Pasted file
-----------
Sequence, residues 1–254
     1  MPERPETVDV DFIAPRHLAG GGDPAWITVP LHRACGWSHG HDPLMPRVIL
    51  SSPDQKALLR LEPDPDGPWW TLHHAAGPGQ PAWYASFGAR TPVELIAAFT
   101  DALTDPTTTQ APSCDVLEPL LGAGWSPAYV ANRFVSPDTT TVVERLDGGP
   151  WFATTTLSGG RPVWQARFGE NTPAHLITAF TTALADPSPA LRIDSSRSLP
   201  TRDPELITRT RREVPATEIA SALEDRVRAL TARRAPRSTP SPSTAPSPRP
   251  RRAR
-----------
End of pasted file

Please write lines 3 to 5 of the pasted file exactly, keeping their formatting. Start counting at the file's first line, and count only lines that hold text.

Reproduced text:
    51  SSPDQKALLR LEPDPDGPWW TLHHAAGPGQ PAWYASFGAR TPVELIAAFT
   101  DALTDPTTTQ APSCDVLEPL LGAGWSPAYV ANRFVSPDTT TVVERLDGGP
   151  WFATTTLSGG RPVWQARFGE NTPAHLITAF TTALADPSPA LRIDSSRSLP